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'Clone Wars' goes full-on Wookiee tonight

By Ann Hoevel, CNN
A young Chewbacca is seen here with a rather unfriendly Transdoshan, in a still from tonight's "Clone Wars" finale.
A young Chewbacca is seen here with a rather unfriendly Transdoshan, in a still from tonight's "Clone Wars" finale.
STORY HIGHLIGHTS
  • Ready for a dose of Chewbacca? Tune in to Cartoon Network tonight at 8 p.m. EST
  • Chewbacca makes his debut on "Star Wars: The Clone Wars"
  • "Clone Wars" is introducing EU characters into stories
RELATED TOPICS
  • Star Wars
  • Chewbacca
  • George Lucas

Spoiler Alert: Don't read this if you don't want to know anything about the past, present or future of Chewbacca the Wookiee. But if you don't, what kind of Star Wars fan are you, anyway?

(CNN) -- There'll be an old familiar face on "Star Wars: The Clone Wars" tonight -- at least to anyone born before 1998.

Chewbacca, the most famous Wookiee of the Star Wars universe, is making his debut on the animated show's Season 3 finale. And this time, he's not voiced by some bear in San Diego, California, like Chewbacca was in the 1977 "Star Wars" movie (now referred to as "A New Hope.")

The original guy-in-the-hair-suit, Peter Mayhew, voices the furry alien he brought to life all those years ago, and according to him, Chewie is a little bit younger and less experienced than the Wookiee most fans are familiar with.

"You take the 'Clone Wars' Chewie and put him up against a picture of the 'Star Wars' Chewie and they're nearly identical," he said. "The magic is around the eyes, but also they got the character right."

That's probably because "Clone Wars" supervising director Dave Filoni made sure Mayhew came to the Skywalker Ranch so the show's artists could learn how the original Chewbacca walked, moved his head and made facial expressions.

"Star Wars: The Clone Wars" is an animated show from Lucasfilm and Cartoon Network (whose parent company, Time Warner, also owns CNN). It chronicles the adventures of the Jedi knights -- including a pre-Darth Vader Anakin Skywalker -- during a time of unrest in a galaxy far, far away.

The movies, "Attack of the Clones" (2002) and "Revenge of the Sith" (2005) feature action from "Clone Wars," as well, but the cartoon takes place before the latter.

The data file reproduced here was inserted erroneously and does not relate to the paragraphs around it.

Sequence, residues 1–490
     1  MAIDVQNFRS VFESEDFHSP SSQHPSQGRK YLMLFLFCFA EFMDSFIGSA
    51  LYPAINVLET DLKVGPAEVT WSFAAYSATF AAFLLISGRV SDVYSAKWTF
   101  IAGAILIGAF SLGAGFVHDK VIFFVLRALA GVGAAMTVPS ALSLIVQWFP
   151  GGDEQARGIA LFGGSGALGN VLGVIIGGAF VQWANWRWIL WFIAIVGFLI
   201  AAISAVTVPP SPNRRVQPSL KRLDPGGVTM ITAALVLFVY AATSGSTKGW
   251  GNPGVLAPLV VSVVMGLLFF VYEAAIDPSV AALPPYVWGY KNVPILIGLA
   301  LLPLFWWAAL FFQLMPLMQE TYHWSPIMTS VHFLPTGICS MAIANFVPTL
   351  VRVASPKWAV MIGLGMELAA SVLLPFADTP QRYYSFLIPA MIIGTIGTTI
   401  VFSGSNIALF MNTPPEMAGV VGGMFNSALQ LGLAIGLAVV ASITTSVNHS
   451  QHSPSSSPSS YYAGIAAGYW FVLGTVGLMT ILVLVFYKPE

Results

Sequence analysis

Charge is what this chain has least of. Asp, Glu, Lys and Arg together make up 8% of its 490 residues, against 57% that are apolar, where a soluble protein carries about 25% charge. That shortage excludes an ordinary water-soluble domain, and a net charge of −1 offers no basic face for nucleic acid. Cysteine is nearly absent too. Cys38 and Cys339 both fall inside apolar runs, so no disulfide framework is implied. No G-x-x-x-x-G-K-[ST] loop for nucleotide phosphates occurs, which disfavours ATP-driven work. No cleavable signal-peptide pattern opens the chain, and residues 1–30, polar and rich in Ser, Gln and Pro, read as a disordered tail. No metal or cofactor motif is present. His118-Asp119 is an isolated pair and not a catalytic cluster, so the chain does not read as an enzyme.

"Clone Wars" has also been diving into characters from what George Lucas and fans refer to as the "Star Wars" extended universe, something Filoni is thoroughly geeking out about.

"The EU presents a ton of different ideas on all kinds of levels, and I don't think I would say there's anything that's out of bounds. But I am very careful with it because there are huge, huge fans of those things in very specific niches," he said.

"Like [the near-human Jedi tracker] Quinlan Vos was such a big deal, I thought, when we brought him out," he said.

"The interesting thing that I've come to realize is that a lot of kids' first contact with Star Wars is 'Clone Wars.' So they have a completely different point of view than like the older fans that I'll talk to at conventions. And those two groups have completely different concerns," Filoni said.

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For example, many young fans of "Clone Wars" believe that the clones and Anakin Skywalker are really good guys, he said. But older fans who have seen "Revenge of the Sith" know that the ultimate betrayal is brewing. And older fans know about Luke Skywalker, Princess Leia, Darth Vader and other characters that, although are not portrayed in "Clone Wars," are tied to the events that unfold within the cartoon series.

Tonight's introduction of Chewbacca might be the first time some kids come into contact with the tall, lovable Wookiee, Filoni said.

"So now, they'll know him as this character that was on the 'Clone Wars' with the sofitano, and when they see 'A New Hope' they'll look at him and go, 'Oh, that's the guy that was with the [Anakin Skywalker's Jedi padawan, Ahsoka Tano],' which is completely different from how we older fans remember it," he said.

Mayhew, always mobbed at fan conventions, knows that today's children will love Chewie just as much as children in the 1970s and 1980s did.

"I think it's because he is so friendly," Mayhew said. "And he is a cuddly teddy bear. He's like the next door neighbor who looks after everybody. He's the big brother, the security blanket, and this appeals to a lot of people. Chewie is very special to a lot of people, and especially to me."

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Older fans love Chewbacca for his heroism, said Kathleen Saracen, the manager of Titan Games and Comics in Smyrna, Georgia.

"In a nutshell, he goes on to be a great hero and he dies saving a lot of lives," she said. "He gets one of the coolest deaths in the Star Wars universe. A planet crashes into him. Well, a moon, technically."

Filoni knows there are those fans who scrutinize the introduction of Chewbacca.

"When we do a character like Chewbacca and there's an immense amount of continuity going on with the icon characters like that, we have to be very careful. So in some ways the less I say about specifics the better, you know? I don't even have to get in to some of that stuff to tell the stories that I'm telling," Filoni said.

Why would some fans be so worked up about whether or not "Clone Wars" gets Chewbacca right?

"We really grew up with these movies," Saracen said.

"These were the things we turned to when we were bored or we were upset. In my case, my parents weren't home, and these were my babysitters sometimes. Certainly not every day, but I definitely watched "Star Wars" a ton when I was growing up. And I think it inhabits a place in your psyche and your heart where you sit down, you watch it and everything's OK."

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